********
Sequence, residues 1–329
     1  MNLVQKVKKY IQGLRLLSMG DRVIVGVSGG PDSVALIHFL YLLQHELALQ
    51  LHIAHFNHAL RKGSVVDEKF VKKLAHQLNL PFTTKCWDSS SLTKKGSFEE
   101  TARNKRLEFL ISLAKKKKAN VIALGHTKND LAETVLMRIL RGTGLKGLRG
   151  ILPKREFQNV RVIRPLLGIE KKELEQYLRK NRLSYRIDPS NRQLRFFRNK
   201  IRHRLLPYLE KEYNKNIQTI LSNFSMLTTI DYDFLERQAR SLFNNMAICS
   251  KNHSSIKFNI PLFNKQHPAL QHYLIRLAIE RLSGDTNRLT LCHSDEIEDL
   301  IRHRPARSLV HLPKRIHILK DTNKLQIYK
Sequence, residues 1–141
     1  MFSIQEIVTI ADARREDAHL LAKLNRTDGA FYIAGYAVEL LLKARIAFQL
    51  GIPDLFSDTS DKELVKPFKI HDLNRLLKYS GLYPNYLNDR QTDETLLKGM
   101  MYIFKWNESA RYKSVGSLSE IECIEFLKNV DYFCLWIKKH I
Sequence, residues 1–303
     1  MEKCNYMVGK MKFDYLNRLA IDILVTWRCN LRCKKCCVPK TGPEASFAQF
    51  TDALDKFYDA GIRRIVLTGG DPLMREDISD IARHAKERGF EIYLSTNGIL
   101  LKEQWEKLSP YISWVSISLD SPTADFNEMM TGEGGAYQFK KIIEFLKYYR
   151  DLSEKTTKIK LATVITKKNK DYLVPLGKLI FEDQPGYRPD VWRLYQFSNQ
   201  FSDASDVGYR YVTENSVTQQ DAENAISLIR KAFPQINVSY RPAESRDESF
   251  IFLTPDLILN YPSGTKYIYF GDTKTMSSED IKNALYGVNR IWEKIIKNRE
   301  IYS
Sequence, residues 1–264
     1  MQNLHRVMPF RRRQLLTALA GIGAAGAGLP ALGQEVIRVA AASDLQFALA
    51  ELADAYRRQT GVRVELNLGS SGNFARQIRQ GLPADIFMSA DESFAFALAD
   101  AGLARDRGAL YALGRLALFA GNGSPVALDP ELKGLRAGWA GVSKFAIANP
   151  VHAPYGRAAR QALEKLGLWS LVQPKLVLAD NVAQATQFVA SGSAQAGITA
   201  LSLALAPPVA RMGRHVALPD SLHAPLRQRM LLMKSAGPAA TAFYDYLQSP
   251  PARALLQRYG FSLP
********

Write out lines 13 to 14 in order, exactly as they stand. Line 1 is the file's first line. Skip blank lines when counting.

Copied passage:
Sequence, residues 1–303
     1  MEKCNYMVGK MKFDYLNRLA IDILVTWRCN LRCKKCCVPK TGPEASFAQF